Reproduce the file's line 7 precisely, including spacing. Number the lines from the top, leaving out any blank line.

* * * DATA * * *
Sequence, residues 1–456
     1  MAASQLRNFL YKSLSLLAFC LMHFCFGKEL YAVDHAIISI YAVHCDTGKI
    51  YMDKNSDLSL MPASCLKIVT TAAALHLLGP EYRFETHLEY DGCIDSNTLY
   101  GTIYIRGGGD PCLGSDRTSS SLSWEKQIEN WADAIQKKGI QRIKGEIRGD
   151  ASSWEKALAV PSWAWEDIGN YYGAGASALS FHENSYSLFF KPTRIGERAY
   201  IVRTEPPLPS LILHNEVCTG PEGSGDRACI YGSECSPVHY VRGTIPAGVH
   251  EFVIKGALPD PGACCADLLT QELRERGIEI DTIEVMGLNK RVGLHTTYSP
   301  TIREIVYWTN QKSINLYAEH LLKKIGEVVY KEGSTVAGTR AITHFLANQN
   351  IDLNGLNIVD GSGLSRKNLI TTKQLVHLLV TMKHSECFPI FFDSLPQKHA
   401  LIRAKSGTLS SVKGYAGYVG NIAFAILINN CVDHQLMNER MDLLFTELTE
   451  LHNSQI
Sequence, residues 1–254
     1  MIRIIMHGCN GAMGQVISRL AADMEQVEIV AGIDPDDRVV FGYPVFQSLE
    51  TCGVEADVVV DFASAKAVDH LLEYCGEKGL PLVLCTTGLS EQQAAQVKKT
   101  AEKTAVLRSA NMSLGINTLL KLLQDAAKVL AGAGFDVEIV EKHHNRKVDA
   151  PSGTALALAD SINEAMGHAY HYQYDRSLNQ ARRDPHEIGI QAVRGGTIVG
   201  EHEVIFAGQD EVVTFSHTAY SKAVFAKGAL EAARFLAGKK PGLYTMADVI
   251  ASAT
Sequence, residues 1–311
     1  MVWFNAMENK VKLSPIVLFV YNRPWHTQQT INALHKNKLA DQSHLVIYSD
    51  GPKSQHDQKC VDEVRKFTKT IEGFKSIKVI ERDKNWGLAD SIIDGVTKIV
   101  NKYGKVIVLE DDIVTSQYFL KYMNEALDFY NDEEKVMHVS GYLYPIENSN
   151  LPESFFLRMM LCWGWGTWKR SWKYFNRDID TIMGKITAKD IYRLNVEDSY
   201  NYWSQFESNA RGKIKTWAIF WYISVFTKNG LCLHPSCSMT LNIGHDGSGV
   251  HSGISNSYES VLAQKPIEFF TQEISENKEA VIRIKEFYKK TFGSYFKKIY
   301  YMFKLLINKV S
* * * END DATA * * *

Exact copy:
   251  EFVIKGALPD PGACCADLLT QELRERGIEI DTIEVMGLNK RVGLHTTYSP